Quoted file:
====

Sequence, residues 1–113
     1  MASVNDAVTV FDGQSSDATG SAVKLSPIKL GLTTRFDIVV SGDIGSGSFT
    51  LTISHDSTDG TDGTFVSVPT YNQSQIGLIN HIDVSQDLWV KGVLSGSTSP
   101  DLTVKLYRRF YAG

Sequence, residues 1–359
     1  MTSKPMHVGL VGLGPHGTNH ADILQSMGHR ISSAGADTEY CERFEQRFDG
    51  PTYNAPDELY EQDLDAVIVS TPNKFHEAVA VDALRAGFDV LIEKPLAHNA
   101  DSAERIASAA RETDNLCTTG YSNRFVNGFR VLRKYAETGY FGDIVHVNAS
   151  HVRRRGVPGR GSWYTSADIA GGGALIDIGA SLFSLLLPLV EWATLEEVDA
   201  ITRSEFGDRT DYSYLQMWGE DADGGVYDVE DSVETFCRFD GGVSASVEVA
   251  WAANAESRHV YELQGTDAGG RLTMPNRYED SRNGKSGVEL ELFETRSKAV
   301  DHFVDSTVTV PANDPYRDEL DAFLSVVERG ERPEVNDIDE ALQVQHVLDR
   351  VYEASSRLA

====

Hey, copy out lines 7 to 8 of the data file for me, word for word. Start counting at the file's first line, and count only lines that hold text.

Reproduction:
    51  PTYNAPDELY EQDLDAVIVS TPNKFHEAVA VDALRAGFDV LIEKPLAHNA
   101  DSAERIASAA RETDNLCTTG YSNRFVNGFR VLRKYAETGY FGDIVHVNAS